25th Aug, 2019

Plenty of fun as Kinky Boots strut into Brum

Bromsgrove Editorial 14th Mar, 2019

KINKY Boots, with book by Harvey Fierstein and music and lyrics by rock royalty Cyndi Lauper has won a Broadway Tony, a West End Olivier and enjoys a massive worldwide fan following; at last it’s made its long-awaited debut in Birmingham.

Based on a real-life story, Kinky Boots tells of how young Charlie Price is forced to take over his family business of men’s shoemakers when his father unexpectedly dies.

Joel Harper-Jackson gives an engaging performance as Charlie who takes us gently on his journey from naive university graduate starting life in the bright lights of London with fiancée Lauren (a lovely Paula Lane) to facing up to the challenges of inheriting a failing family business employing people he soon gets to care about deeply.

Before returning to the Northampton factory though, Charlie encounters a man dressed in women’s clothes being attacked by some homophobic lowlifes. Charlie leaps to the rescue – unnecessarily as it happens, as this is Lola who may dress like a lady but has the punch of a prizefighter. Charlie gets knocked out and Lola takes him back to recover in the dressing room at the drag club where he works. It is here Charlie sees the poorly-made boots and shoes that the female impersonators have to wear.

Kayi Ushe absolutely owns the role of Lola and commands the stage whenever he is on it. He makes us laugh, smile, cry with a vibrancy that is all embracing. His rendition of ‘Hold Me In Your Heart’ is a showstopper.

Charlie discovers the factory has been losing money for years – no one wants to pay for quality shoes anymore, it seems. He sets about the sad business of making the work force redundant when Nicola (a delightfully ‘girl-next-door’ contribution from Helen Ternent) pushes him to think again. Charlie does just that and invites Lola up to design ‘Kinky Boots’ for men who like to dress as women.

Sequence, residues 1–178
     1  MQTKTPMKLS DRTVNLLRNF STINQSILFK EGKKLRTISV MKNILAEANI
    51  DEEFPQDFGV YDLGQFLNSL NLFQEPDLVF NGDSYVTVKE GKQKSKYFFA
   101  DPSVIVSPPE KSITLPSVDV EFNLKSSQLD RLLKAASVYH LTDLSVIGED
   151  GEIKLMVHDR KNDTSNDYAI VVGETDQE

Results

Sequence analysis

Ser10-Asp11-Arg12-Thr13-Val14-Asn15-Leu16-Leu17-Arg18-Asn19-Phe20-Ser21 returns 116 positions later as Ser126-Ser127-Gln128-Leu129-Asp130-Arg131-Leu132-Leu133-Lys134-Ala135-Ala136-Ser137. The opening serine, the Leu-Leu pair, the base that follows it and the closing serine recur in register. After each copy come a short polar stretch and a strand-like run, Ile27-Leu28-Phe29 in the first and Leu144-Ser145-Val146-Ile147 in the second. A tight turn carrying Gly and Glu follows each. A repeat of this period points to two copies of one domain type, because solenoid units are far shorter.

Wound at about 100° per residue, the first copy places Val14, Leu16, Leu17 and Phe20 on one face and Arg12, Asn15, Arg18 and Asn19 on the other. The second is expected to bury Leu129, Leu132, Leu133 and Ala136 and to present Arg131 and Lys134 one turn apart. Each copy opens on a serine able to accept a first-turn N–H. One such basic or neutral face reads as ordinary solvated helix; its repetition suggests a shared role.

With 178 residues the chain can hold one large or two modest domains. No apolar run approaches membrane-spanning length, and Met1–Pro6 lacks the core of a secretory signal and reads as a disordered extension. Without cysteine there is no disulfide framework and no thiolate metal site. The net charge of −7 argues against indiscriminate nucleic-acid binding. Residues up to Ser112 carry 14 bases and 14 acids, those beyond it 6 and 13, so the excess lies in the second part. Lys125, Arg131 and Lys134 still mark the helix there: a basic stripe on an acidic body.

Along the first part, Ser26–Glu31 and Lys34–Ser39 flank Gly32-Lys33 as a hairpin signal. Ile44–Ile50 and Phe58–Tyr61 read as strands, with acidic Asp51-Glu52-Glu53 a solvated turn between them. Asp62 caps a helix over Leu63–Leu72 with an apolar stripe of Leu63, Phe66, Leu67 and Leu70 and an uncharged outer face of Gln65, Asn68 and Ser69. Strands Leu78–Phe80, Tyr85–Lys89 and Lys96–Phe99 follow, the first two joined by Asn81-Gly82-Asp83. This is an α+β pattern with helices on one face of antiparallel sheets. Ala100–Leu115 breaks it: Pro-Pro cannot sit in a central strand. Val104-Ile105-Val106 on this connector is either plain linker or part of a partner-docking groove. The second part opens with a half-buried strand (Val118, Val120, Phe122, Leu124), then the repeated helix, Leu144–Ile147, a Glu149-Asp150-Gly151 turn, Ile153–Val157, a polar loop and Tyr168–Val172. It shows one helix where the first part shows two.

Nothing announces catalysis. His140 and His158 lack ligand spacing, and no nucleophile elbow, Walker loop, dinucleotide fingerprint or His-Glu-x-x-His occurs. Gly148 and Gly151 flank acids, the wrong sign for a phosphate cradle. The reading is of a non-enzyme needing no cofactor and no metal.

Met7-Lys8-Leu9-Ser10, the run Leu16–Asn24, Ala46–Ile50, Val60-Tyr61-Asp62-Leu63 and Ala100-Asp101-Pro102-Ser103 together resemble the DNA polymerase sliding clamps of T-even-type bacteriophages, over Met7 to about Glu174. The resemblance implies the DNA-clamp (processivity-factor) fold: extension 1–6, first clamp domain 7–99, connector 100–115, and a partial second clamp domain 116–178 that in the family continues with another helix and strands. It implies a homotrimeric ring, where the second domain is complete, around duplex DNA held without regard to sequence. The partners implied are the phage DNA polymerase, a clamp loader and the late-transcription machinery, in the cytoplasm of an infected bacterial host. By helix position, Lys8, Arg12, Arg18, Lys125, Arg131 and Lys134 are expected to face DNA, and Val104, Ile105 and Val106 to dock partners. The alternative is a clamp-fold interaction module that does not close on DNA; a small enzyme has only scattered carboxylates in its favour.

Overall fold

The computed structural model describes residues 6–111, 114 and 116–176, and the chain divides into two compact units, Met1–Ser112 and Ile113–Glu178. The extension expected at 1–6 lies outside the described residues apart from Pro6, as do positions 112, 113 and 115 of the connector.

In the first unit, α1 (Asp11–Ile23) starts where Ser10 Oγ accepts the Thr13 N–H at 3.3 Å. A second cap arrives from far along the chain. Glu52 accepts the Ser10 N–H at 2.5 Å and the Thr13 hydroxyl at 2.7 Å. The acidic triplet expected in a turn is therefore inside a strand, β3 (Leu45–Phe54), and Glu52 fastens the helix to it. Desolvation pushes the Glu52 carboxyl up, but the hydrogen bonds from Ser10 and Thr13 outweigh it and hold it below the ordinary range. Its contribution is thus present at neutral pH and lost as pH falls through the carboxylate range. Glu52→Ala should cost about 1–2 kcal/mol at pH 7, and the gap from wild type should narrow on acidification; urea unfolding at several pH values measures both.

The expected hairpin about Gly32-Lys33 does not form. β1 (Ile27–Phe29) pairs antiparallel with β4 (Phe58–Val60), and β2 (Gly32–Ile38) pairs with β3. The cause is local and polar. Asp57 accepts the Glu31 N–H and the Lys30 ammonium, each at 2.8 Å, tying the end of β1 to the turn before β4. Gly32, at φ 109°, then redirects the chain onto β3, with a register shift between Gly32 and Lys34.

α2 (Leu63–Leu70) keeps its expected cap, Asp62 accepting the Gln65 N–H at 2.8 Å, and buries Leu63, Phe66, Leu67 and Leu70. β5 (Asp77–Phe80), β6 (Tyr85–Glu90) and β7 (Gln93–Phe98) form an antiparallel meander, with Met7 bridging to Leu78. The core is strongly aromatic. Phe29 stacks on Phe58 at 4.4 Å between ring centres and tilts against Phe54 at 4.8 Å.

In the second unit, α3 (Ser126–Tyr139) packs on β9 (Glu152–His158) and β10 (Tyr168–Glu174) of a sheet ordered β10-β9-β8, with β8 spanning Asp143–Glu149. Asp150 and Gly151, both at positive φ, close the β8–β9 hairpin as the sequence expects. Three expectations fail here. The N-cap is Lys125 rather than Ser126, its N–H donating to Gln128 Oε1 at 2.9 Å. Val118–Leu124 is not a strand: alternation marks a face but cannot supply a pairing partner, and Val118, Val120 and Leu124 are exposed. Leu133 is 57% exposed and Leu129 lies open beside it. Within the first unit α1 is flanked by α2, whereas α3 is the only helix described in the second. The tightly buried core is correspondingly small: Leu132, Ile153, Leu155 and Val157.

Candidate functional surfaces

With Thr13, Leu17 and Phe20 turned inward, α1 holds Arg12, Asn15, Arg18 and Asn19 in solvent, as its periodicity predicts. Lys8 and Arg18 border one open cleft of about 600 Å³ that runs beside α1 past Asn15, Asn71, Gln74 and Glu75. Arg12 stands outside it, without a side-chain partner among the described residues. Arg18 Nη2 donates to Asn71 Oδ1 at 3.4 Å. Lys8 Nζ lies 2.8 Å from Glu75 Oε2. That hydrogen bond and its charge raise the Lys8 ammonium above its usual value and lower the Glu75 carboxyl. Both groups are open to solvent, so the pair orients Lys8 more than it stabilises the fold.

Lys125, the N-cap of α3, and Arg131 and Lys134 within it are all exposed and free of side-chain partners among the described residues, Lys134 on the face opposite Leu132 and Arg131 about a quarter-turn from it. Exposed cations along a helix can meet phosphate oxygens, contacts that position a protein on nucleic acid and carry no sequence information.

Whilst the text is largely frothy, it enjoys some great comedic lines, delivered particularly by Lola with a waspish wit. There are also has gritty moments of prejudice which are handled with elegant brush strokes.

It’s not really a spoiler to say that everyone falls out, makes up and unites to save the factory. This happens where else but on a Milan catwalk in a finale that has the whole audience on its feet.

A special mention to Demetri Lampra and Adam Price as Don and George – both very warm and watchable, the stunningly well-toned ‘Angels’ Drag Queens dance troupe and the large supporting ensemble that never falter.

The choreography by Jerry Mitchell (who also directs) in ‘Everybody Say Yeah’ with much of it taking place on the factory conveyor belts will linger for a long time, as will the haunting ‘Soul Of A Man’.

Costume Designer Gregg Barnes has produced a sensational, sexy and downright sassy collection of spectacular dresses, costumes and of course those kinky boots

Many of the audience were dressed as outrageously as the cast, actively encouraged to do so by the theatre and it was often difficult to tell the Queens from the Kings – echoes perhaps of the Rocky Horror Show devotees

Kinky Boots is simply a joyous show that celebrates friendship, understanding and tolerance of each other’s quirks that will have you smiling for days. I hope to be dusting off my bright red patent leathers for a feel-good top up before it leaves town.

Kinky Boots runs until March 23. Visit https://www.birminghamhippodrome.com/calendar/kinky-boots/ for more information and tickets.

Review by Euan Rose

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